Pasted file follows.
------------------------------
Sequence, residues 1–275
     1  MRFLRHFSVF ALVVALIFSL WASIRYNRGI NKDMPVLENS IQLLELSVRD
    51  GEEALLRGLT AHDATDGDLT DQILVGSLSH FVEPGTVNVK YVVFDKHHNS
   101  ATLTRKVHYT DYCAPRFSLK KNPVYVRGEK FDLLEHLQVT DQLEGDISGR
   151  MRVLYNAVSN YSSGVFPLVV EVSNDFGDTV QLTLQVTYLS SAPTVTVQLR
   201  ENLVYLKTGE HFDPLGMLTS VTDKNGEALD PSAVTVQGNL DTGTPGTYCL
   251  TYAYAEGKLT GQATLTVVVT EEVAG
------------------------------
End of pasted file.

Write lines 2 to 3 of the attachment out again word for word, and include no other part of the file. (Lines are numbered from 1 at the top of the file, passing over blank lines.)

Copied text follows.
     1  MRFLRHFSVF ALVVALIFSL WASIRYNRGI NKDMPVLENS IQLLELSVRD
    51  GEEALLRGLT AHDATDGDLT DQILVGSLSH FVEPGTVNVK YVVFDKHHNS